History came alive this past weekend at an old French fort site just southwest of Wetumpka, Ala. History lovers and re-enactors converged on Fort Toulouse-Fort Jackson National Historic Park for the annual Frontier Days celebration to reveal a time in Alabama’s distant past. In 1717, at the invitation of the Alibamu Indians, the French built a fort at the confluence of the Coosa and Tallapoosa Rivers as a check to British expansion into Southeastern North America. For 100 years, as international fortunes waxed and waned in the Southeast, the fort site became the property of occupying French, British, Spanish and American interests. In August 1815 General Andrew Jackson conducted the Treaty of Fort Jackson on the site. That treaty forced the Creek Indians to cede 20 million acres of their land to the United States. Enjoy a gallery of photos from Saturday’s activities below.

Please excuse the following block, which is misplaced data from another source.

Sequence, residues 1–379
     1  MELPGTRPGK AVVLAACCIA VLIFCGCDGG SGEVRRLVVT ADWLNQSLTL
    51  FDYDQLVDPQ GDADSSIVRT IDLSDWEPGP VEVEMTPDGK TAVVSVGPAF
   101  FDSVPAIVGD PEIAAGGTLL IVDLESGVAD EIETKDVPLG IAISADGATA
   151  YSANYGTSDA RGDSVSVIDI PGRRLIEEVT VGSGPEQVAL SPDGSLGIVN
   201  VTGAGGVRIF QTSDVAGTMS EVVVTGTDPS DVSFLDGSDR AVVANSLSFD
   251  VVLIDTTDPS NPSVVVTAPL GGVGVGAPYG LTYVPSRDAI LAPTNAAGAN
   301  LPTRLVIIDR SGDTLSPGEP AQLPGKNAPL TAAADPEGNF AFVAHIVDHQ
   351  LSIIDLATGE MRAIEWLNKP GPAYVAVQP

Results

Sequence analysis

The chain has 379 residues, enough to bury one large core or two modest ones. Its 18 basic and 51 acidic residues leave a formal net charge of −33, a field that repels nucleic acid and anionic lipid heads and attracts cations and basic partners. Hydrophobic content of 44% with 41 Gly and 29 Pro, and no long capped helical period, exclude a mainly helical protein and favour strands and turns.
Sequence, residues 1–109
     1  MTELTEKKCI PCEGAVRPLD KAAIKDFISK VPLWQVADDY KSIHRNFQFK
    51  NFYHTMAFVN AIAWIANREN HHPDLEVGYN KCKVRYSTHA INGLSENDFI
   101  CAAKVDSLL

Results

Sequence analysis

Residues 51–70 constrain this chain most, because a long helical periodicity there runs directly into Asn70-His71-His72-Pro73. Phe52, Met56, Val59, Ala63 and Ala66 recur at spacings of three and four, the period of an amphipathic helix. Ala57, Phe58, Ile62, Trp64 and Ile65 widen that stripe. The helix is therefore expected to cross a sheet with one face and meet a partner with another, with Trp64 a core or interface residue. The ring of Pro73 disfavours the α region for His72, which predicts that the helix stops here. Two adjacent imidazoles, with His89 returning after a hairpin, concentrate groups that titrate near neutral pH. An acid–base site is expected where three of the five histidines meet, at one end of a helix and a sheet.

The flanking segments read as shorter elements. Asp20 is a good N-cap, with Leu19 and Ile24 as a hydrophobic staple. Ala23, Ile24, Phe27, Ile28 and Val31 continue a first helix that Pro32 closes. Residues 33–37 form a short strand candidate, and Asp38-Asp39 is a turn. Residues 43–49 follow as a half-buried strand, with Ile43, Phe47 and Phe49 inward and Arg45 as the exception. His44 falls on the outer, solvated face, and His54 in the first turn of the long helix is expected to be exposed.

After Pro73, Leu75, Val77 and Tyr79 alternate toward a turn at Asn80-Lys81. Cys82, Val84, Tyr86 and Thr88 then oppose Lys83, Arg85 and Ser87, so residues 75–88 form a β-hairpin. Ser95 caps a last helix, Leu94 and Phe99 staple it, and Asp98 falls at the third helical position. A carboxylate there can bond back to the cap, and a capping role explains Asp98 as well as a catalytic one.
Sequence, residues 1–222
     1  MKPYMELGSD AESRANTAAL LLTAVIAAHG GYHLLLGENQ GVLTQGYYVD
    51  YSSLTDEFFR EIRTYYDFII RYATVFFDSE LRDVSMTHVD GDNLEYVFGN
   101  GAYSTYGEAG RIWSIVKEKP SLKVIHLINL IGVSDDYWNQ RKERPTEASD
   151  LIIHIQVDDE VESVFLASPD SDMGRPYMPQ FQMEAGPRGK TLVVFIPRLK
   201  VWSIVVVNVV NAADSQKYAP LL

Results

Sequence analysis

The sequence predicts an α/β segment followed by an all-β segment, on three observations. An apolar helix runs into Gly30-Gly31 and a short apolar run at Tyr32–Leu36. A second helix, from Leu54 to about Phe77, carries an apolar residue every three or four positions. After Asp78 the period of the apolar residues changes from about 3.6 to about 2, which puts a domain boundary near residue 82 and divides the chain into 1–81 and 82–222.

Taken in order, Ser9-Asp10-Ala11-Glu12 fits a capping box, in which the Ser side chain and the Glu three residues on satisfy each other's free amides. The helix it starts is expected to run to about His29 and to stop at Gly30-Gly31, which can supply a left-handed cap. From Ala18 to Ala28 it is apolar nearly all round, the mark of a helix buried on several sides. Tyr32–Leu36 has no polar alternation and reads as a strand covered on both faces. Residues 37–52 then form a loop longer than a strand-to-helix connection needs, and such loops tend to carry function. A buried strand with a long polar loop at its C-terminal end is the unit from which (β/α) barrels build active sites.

Michael E. Palmer is a writer and photographer based in Alabama.
He can be reached at firstname.lastname@example.org